Kubrick's Ban of ACO in The UK
by Mike Purdy
When A Clockwork Orange was first released in the U.K. it was shown at the Warner West End cinema in Leicester Square, London. Unusually, it was shown just at that cinema for a whole year before going on general release.
It was on general release for about another year, during which there was a lot of controversy about it.
I was working at the Central Criminal Court, in London, (better known as the "Old Bailey"), for the Metropolitan Police Solicitors, at the time and my job involved preparing cases for court and attending them when they were heard.
The fuss over ACO really started when a woman called Mary Whitehouse started complaining about the film in the media. Mary Whitehouse had started an organisation called the "National Viewers And Listeners Association" which was basically a group of self-appointed guardians of public morals. They had, (and still have), a habit of complaining about TV and Film content (often without even having seen the item concerned). At the time ACO was on release this group were pretty high profile and they got a lot of media coverage. As well as this group, many young people adopted the style of dress of Alex and his gang (which was basically a slightly futuristic version of "skinheads", which we had in UK at the time.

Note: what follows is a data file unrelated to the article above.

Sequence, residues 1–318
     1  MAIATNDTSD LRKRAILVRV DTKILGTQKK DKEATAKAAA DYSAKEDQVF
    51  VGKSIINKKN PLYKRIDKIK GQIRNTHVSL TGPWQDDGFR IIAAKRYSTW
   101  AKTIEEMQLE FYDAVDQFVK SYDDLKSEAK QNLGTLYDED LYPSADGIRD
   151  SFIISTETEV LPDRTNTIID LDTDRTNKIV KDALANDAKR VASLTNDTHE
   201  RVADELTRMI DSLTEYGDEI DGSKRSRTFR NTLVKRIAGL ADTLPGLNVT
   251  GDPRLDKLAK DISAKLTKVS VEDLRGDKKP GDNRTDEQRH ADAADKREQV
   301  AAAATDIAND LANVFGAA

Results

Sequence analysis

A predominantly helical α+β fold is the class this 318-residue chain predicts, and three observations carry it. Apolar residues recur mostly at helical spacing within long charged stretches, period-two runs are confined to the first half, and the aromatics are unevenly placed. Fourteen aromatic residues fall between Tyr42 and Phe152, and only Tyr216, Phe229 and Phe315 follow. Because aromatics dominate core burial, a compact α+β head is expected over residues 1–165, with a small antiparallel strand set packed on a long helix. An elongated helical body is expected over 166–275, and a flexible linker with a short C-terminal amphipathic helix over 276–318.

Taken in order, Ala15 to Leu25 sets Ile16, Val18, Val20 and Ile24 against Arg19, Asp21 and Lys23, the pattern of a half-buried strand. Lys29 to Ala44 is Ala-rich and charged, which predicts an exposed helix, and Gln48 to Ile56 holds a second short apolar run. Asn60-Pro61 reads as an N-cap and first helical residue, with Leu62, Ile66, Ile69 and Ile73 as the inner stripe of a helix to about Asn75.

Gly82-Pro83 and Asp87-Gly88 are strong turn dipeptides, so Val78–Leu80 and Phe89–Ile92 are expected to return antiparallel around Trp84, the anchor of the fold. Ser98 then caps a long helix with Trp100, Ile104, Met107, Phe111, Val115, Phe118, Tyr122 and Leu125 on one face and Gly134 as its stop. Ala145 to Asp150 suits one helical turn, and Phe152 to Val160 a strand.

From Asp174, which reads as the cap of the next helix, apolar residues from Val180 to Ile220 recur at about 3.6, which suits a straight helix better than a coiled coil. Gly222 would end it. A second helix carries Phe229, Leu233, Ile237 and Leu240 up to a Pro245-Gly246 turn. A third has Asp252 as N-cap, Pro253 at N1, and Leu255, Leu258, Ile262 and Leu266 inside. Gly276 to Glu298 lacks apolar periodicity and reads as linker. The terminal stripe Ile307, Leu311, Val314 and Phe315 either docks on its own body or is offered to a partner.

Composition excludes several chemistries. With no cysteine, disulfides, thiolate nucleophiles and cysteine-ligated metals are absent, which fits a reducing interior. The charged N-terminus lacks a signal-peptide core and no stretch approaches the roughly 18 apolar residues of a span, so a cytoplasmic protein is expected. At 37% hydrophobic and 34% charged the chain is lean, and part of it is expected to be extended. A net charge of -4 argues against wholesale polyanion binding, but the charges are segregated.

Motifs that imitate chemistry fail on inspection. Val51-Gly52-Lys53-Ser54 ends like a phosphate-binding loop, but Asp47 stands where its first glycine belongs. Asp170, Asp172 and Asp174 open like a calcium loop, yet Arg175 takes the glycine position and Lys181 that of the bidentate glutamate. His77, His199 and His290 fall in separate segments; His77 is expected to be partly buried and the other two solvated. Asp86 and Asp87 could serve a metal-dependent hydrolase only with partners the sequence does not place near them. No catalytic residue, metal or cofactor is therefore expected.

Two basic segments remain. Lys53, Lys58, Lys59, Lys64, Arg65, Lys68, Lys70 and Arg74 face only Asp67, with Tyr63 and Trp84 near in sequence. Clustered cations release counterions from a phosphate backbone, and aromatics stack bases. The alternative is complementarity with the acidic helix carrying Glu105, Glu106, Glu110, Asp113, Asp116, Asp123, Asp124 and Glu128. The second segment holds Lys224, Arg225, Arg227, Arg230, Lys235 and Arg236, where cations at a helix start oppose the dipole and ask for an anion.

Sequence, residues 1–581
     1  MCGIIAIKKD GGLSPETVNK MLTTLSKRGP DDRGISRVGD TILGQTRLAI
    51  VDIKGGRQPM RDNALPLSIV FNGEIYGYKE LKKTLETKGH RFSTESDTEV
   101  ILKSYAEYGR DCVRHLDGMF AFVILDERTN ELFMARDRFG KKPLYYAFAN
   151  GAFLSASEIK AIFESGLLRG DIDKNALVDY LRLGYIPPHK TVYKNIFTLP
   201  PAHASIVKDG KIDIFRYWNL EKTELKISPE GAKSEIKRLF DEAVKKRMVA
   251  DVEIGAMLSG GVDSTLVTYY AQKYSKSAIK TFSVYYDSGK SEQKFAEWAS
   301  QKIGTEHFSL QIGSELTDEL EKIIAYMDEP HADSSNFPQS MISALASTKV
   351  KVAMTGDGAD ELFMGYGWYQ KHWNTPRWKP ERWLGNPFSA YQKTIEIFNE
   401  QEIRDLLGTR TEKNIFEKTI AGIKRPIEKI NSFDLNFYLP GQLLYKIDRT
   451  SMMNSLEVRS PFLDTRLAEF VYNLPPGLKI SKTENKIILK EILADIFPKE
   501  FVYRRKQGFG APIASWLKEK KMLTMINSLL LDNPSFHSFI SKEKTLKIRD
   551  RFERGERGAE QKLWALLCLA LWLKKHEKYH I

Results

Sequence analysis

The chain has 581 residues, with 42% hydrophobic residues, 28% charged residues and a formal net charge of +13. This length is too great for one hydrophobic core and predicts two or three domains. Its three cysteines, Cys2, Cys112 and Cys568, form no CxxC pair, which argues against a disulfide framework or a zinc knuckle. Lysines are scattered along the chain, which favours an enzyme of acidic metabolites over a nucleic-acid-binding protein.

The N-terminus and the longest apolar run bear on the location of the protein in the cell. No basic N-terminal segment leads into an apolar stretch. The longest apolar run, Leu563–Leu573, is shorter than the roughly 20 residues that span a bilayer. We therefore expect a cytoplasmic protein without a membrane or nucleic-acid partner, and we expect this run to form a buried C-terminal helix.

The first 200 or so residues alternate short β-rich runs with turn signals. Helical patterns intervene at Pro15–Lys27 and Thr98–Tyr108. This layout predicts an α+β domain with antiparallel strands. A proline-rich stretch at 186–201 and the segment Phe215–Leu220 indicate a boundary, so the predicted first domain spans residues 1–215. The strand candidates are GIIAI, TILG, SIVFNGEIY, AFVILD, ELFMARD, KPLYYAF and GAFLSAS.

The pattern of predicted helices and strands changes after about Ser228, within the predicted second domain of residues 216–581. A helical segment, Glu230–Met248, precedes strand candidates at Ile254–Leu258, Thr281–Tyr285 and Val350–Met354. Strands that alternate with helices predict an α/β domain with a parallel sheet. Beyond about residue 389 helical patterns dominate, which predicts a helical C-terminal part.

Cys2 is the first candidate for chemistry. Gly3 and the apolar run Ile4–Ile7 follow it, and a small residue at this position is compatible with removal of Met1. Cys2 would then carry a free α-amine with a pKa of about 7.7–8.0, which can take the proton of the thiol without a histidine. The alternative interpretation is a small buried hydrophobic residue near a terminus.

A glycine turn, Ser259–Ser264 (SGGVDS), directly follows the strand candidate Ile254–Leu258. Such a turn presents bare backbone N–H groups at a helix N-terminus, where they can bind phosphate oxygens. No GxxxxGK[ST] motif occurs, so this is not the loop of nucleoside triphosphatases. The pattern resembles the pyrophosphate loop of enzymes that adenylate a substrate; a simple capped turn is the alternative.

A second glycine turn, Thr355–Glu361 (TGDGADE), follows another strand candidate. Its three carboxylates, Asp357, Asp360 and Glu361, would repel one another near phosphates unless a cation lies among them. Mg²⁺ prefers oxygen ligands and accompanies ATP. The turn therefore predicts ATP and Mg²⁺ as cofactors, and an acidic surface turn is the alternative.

At the "Old Bailey" we kept seeing people on assault charges who said that they had seen the film and been impelled to go out and beat someone up. Most of us who worked at the Court thought this a load of rubbish but unfortunately such cases got a lot of publicity and many of the Judges would impose lesser sentences in these cases.
It got to the stage when we referred to these cases as "Clockwork Orange defences" and it became almost boring as one after another tried using this excuse.
I had seen the film 19 times since its release and had never gone out and beaten up a tramp or raped anyone.
Eventually Kubrick got so fed up with all the hassle that he decided to withdraw the film from the British Cinemas and never allow it to be shown here again it any format.
Even when the National Film Theatre did a Kubrick retrospective they were unable to get permission to show ACO as part of it.